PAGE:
The Toronto Circus Riot of 1855

It seems the clowns picked the wrong brothel.

This one was a hangout for some of the men in a local volunteer fire brigade: The Hook & Ladder Firefighting Company. [...]

No one seems to agree on exactly how the fight at the brothel got started. Some blame a particularly loudmouthed clown. Some say the clowns cut in line -- or knocked the hat off a fireman's head. But this much is clear: that night, the clowns kicked some firefighting ass. At least two of the firemen were seriously injury, dragged out of the brothel to safety as the Hook & Ladder crew retreated. For the rest of the night, the clowns could drink and screw in peace. [...]

By the time they got there, it had started. People were throwing stones. And while the circus performers and the carnies were apparently able to hold the mob off for a while, it couldn't last. Eventually, the crowd overwhelmed them. And when the Hook & Ladders arrived, all hell broke loose. They stormed the circus with pikes and axes, overturned wagons, pulled down the tents and the Big Top and set them on fire. They beat clowns to a pulp. Circus folk ran for their lives. Some dove into the lake for safety. It was mayhem.

It took the mayor to settle things down. He came to the Fair Green in person, kept a fireman from killing a clown with an axe by grabbing it out of his hands, and called in the militia to take control of the situation. Once things had calmed down, the circus performers came back for their belongings and then ran like hell.

The police had done pretty much nothing. They just watched. Even Chief Sherwood himself had eventually shown up, but could only claim to have stopped the rioters from setting fire to the cages of the animals. Of the 17 people who were charged in the riot, only one was ever convicted. All of the police who were at the scene claimed they couldn't remember any of the Orangemen who had been there. Just like they had a few weeks earlier, after the Fireman's Riot on Church.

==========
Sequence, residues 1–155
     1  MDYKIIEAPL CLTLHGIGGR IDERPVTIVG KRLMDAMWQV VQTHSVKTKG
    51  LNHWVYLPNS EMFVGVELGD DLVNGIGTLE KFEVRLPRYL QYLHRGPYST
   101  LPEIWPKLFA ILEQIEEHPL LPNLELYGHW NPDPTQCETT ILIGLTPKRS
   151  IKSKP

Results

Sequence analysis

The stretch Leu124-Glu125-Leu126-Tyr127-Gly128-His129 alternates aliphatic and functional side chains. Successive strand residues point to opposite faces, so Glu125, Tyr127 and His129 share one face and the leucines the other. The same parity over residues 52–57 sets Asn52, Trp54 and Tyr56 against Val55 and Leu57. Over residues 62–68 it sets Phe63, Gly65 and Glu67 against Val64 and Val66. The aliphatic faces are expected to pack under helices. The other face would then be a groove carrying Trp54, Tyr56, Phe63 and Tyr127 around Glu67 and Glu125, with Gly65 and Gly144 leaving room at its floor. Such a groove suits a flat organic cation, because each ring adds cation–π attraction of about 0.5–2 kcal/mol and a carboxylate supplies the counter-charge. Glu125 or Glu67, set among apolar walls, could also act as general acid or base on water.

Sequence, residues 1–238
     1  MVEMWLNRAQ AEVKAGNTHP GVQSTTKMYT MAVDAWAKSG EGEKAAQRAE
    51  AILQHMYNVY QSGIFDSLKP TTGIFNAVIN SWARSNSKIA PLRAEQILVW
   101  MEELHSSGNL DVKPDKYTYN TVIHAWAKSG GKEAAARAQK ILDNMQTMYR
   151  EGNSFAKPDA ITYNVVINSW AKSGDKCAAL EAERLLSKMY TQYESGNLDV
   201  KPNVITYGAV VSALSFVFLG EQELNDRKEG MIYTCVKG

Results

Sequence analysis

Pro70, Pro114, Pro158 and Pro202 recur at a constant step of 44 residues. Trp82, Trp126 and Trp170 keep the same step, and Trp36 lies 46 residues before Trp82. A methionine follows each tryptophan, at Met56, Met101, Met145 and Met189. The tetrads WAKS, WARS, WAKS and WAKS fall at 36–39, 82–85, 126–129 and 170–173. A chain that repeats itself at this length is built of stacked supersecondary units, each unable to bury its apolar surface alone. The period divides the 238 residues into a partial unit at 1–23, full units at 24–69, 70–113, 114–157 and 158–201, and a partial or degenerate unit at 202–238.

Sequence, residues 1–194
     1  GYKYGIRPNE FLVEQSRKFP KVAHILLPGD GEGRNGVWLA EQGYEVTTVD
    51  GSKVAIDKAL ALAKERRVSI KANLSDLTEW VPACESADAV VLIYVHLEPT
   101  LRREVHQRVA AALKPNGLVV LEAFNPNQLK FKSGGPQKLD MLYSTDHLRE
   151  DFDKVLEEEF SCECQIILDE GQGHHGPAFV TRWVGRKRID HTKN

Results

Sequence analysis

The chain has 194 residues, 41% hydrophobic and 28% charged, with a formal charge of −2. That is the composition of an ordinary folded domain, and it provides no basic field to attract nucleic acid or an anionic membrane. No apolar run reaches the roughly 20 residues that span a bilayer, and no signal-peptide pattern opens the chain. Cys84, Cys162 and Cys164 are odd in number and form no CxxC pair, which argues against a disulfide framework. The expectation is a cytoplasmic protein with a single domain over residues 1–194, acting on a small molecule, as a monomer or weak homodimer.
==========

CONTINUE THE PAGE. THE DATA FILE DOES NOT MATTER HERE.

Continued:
Previously, previously.

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7 Responses:

  1. Steve Allen says:

    Sometimes even larger crowds failed to remember -- "The February term of 1867, of the Circuit Court ... tried by a jury and the defendants were acquitted. Although it was claimed that over five hundred persons were present and witnessed the transaction, no witness was produced, although many were examined and testified that they were present and witnessed the hanging as previously stated, who were able to state who the parties were that hung the man. The excitement and confusion seemed to have been so great that one one knew how or by whom the hanging was done."

    • Dusk says:

      Also related:

      In conversations with family members, seventy-one potential witnesses claimed to have been in the pub's toilets at the time of the attacks. As the toilet measures just four feet by three feet, this led to the toilets being dubbed the TARDIS, after the time machine in the television series Doctor Who, which is much bigger on the inside than on the outside.

      -- Wikipedia: "Murder of Robert McCartney"

  2. MrEricSir says:

    Sounds like your average ICP concert.

  3. phuzz says:

    Some say the clowns [...] knocked the hat off a fireman's head

    In my head they did this by turning round with a ladder on their shoulder.

  4. John says:

    My compliments to the brothel workers for their stamina.

    You know what they say about men with big feet.

  5. Gordo says:

    In reference, this is a picture of a innkeeper of that time, Joseph Bloore. A major street was named after and possibly the inspiration for the Game Of Thrones White Walkers.

    Pretty sure he could handle a few Carnies and Orangemen by his icy glare alone.

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